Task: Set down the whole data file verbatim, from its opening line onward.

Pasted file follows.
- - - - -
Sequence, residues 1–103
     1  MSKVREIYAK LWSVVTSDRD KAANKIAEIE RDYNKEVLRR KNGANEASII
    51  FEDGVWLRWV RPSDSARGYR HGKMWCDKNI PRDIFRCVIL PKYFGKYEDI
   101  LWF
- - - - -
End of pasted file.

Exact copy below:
Sequence, residues 1–103
     1  MSKVREIYAK LWSVVTSDRD KAANKIAEIE RDYNKEVLRR KNGANEASII
    51  FEDGVWLRWV RPSDSARGYR HGKMWCDKNI PRDIFRCVIL PKYFGKYEDI
   101  LWF